Examined horses were used as school-riding horses, pleasure horses, and sport horses; some of the horses were retired; however, the type of their previous work was not noted.
At the beginning of the study, the width and length of the frog of each horse were measured. Linear mixed-effects models were performed for the width:length ratio where the fixed effects were: age, sex, breed, pasture/paddock time, shoeing and its duration and limb. The random effects included the horse and the yard where the horse was kept.
A new study evaluated the influence of metal shoeing and other risk factors such as age, access to paddock and breed, on heel contraction in horses.
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The data obtained during the study show that the most important factors for hoof contraction were attributes of the individual horse. This may mean that hoof contraction may be affected by features, which were not measured, for instance, genetics, weight, the environment in previous yard, or another characteristic of hoof morphology, such as the toe length or palmar angle, the latter of which has been previously implicated, whereby a high palmar angle is correlated with a narrow frog.
The statistical analysis showed a positive relationship between shoeing and heel contraction, when determining only the effect of this factor. This reflects previous anecdotal reports which stress that shoeing is a large risk factor for hoof distortions. Surprisingly, the hind hooves of horses, who were shod in front, demonstrated a lower width:length ratio in comparison with those horses who were barefoot all round.
"Shoeing the front hooves undoubtedly affects the whole body, including the biomechanics of hind hooves. Nevertheless, we cannot conclude that shoeing the front hooves impacts heel contraction in hind hooves."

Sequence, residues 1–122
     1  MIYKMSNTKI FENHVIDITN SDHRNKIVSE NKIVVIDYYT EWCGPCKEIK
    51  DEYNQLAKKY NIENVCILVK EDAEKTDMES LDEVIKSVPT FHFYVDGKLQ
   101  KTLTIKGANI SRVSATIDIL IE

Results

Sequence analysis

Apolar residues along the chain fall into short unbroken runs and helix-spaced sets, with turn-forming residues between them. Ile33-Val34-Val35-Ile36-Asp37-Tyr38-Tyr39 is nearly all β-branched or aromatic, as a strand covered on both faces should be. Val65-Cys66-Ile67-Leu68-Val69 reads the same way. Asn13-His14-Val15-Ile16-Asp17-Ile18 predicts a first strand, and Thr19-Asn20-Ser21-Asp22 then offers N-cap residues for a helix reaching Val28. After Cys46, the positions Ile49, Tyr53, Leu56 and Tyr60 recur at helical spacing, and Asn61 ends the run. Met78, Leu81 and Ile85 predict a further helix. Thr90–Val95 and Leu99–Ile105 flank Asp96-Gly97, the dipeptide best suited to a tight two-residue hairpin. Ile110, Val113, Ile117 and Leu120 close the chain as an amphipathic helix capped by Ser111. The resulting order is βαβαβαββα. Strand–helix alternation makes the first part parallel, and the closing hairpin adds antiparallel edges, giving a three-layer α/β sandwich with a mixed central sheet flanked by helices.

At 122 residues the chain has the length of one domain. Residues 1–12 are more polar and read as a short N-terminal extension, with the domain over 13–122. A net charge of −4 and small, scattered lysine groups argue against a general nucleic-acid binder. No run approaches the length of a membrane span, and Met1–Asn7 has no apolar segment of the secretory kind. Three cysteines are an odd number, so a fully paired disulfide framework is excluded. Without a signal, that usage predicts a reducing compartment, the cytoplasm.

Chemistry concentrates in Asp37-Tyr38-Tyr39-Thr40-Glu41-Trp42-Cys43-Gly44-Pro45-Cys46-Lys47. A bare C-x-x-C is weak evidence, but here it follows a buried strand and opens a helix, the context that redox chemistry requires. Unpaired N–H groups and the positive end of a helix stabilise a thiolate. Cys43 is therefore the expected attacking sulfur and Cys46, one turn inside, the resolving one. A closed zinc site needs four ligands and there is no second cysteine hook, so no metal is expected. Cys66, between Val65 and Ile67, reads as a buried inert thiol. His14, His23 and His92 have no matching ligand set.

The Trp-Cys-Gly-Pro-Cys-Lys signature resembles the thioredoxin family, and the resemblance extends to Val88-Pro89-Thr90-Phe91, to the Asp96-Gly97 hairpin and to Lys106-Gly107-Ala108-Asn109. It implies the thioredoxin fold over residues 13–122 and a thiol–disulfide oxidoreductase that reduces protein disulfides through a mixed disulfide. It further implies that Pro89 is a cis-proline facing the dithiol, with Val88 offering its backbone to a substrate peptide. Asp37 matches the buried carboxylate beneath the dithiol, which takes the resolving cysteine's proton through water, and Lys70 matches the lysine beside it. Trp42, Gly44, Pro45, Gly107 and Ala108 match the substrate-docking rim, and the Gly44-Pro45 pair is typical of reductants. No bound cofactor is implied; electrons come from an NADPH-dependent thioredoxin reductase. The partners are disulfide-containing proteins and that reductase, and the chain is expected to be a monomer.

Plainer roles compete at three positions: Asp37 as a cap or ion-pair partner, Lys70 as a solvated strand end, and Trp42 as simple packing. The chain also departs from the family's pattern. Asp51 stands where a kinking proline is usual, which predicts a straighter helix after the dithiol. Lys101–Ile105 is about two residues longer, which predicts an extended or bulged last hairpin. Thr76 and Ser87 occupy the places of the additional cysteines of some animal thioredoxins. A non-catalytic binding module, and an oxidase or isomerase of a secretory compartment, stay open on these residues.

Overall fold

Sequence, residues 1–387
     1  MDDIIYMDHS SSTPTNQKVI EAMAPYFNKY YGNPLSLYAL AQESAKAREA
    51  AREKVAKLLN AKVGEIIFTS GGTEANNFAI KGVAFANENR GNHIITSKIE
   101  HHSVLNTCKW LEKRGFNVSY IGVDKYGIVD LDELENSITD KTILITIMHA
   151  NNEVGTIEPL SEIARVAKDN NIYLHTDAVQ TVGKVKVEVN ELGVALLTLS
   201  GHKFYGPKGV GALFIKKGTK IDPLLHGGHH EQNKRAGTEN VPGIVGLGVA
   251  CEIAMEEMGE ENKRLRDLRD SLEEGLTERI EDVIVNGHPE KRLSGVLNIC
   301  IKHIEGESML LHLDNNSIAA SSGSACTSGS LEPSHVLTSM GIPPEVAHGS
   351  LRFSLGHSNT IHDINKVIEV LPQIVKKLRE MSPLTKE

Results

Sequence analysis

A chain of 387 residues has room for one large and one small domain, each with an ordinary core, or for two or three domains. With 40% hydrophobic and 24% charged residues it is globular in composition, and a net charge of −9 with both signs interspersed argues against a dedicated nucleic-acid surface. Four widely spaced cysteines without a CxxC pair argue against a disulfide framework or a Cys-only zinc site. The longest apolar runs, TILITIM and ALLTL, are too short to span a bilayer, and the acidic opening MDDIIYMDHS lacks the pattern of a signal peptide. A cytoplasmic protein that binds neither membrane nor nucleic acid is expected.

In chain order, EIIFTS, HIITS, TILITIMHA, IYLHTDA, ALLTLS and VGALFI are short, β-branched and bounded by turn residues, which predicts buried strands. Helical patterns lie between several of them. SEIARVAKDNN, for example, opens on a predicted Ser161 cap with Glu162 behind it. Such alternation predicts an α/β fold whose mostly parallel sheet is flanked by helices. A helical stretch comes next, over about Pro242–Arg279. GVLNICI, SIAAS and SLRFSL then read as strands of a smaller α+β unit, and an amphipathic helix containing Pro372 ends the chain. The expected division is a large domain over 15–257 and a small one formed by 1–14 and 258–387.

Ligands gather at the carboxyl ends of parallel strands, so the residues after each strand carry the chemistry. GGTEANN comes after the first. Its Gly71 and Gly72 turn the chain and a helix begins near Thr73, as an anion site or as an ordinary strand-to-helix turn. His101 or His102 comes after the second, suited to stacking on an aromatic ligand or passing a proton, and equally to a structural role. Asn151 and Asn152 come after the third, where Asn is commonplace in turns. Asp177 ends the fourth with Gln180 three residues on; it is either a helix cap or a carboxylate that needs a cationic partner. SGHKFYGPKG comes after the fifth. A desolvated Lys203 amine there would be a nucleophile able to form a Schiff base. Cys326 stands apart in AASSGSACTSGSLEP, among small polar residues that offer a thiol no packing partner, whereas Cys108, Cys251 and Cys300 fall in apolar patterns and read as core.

Although heel contraction occurs more often in shod horses compared to barefoot horses, the difference between the two conditions was not statistically significant, when other factors were considered.
The most important factors that impacted contraction were individual horse features and breed. Because of significant difference in incidence of contraction between yards, researchers determined that further investigation of environmental factors causing hoof distortion need to be studied.
The sex, paddock time, the shoeing and its duration were found not to have statistical significance.
Main takeaways of research
- Heel contraction occurs more often in shod than in barefoot horses.
- It was not confirmed that metal horseshoeing causes heel contraction.
- Breed, age, and individual features are related to heel contraction.
- Heel contraction seems to be influenced by environment and management factors.
The study findings conclude that contraction of a horse's heels involves a number of factors related to the breed and other unknown features related to the individual horse. The results of the study counter the popular myth that metal shoes are the main cause of horse heel contraction, an important factor to be considered by all hoof-care providers. Further research needs to be conducted on larger groups of horses with similar genetic traits and environmental influences and horses from yards with low and high incidence of heel contraction to evaluate how they differ in the factors that influence the inter-workings (biomechanics) of the parts of the horse's hoof.